Nadi shodhana is also an example of pratikriya, or counteraction. But its benefits are both mental and physiological. By breathing through one nostril and then the other, you activate one side of the brain and then immediately counterbalance it by activating the other hemisphere. This allows us to feel centered yet attentive and also calms the nervous system. As a result, we feel less anxious and are better able to manage stress and our stress response. This does wonders for stress hormones, which benefits levels of thyroid hormones and progesterone, too.

Ready to try nadi shodhana?

Just a gentle reminder first: your body isn’t used to breathing this way. As with starting and trying any pranayama practice, take it easy. Changing the way you take in oxygen can sometimes bring on dizziness. It’s important to keep it short and let yourself get acclimated. Take note of how your body feels during nadi shodhana, and aim to gradually build up the amount of time you spend with this breath technique—slowly working your way to five or ten minutes.

To try nadi shodhana, pick a time in between meals. Ideally, you should have a near-empty stomach and not be on your period. You’ll start by positioning your right hand into a Vishnu mudra.

Position your hand into Vishnu mudra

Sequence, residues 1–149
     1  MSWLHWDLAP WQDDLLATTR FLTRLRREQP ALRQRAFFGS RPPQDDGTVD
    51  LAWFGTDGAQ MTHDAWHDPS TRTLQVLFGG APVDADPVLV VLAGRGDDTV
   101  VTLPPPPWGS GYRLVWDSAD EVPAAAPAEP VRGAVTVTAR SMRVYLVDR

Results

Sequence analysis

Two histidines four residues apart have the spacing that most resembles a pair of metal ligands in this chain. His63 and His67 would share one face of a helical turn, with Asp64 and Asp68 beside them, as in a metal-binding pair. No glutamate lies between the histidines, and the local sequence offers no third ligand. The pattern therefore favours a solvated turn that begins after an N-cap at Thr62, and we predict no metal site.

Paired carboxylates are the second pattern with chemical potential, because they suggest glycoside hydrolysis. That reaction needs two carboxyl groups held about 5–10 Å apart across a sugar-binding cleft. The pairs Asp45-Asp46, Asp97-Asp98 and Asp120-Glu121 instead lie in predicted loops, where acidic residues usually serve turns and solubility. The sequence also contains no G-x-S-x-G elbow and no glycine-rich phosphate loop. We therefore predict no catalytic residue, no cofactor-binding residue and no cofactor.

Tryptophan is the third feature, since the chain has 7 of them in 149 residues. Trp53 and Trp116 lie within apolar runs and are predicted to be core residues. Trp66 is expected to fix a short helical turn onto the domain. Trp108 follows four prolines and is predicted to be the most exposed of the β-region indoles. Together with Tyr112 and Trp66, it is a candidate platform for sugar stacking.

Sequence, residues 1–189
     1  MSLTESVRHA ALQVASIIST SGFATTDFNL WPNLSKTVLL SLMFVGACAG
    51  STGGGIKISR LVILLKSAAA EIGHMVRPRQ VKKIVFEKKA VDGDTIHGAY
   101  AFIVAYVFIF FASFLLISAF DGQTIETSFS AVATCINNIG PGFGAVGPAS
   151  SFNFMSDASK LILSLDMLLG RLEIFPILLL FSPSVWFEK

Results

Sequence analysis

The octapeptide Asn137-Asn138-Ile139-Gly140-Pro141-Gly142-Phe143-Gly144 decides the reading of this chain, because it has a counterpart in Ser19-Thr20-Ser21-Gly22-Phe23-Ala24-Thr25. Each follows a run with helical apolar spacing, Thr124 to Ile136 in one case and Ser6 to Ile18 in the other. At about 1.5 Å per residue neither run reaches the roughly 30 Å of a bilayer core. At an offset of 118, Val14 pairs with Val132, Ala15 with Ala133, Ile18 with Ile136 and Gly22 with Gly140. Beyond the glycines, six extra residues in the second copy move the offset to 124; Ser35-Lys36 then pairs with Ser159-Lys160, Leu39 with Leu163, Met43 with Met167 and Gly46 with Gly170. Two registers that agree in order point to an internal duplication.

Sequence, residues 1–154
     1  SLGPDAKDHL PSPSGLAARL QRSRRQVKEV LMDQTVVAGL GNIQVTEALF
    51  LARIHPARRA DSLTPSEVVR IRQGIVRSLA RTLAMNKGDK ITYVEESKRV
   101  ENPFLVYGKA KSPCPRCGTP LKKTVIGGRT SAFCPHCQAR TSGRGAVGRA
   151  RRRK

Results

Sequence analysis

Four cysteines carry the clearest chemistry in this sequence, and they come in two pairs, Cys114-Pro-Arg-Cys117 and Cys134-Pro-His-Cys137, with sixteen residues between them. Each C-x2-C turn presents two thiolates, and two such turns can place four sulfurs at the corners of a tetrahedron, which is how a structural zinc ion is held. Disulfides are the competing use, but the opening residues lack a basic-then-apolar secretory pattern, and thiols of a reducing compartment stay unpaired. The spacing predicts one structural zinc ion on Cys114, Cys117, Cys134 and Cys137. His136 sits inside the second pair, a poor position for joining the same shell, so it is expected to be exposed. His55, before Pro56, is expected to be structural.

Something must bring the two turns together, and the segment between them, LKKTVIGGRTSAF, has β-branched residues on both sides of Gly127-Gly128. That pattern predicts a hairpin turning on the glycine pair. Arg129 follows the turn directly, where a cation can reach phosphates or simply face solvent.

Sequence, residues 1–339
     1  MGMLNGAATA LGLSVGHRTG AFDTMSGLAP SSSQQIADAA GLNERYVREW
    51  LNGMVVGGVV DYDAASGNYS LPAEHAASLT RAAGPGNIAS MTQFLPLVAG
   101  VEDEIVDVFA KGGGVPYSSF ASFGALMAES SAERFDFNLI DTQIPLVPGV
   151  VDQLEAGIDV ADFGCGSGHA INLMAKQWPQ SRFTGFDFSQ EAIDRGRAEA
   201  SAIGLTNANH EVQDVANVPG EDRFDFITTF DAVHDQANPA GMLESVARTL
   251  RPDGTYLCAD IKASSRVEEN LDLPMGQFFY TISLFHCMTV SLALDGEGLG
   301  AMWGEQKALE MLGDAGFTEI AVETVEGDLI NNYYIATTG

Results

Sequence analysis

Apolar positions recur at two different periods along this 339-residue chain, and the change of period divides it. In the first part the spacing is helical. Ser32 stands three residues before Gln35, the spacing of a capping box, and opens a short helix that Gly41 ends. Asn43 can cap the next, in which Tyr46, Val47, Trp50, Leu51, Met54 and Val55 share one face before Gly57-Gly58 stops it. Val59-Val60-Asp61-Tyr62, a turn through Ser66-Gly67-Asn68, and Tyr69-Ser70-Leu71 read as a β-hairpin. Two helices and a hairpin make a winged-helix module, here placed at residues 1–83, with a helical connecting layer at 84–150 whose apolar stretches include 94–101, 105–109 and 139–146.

• Hold out your hand like you’re about to give a high-five.
  • Bring your index and middle fingers together, so they’re touching. (You won’t use these two fingers, so bend them toward your palm while keeping your other three fingers straight (thumb, ring, and pinky).

Here’s what it should look like:

To start nadi shodhana

  • Place your thumb on the outer right side of your nose to close off the right nostril.
  • Breathe in through the left nostril. Pause at the top of your inhale.
  • Remove your thumb from the right side of your nose. Using your ring finger, close off the left nostril.
  • Now, exhale through the right side. Then, inhale in through the right nostril. Pause, holding the air for a moment.
  • Close off the right nostril with your thumb.
  • Exhale through the left nostril.
  • Inhale through the left nostril and pause. Close off the left nostril with your ring finger.
  • Exhale through the right. Repeat.

Cautions with nadi shodhana

Nadi shodhana is generally safe, and most people report immediate feelings of calmness. However, there are a few contraindications. Anyone with a deviated septum, hypertension (high blood pressure), chronic headaches or migraines, upper respiratory infections, or who is pregnant should hold off on practicing alternate-nostril breathing. However, hands-free nadi shodhana is an alternative that’s safe for almost everyone, but you should consult with a healthcare provider to be sure. And, always: stop if you’re feeling intensely physical or emotional during pranayama.

Cindy Hodits, RYT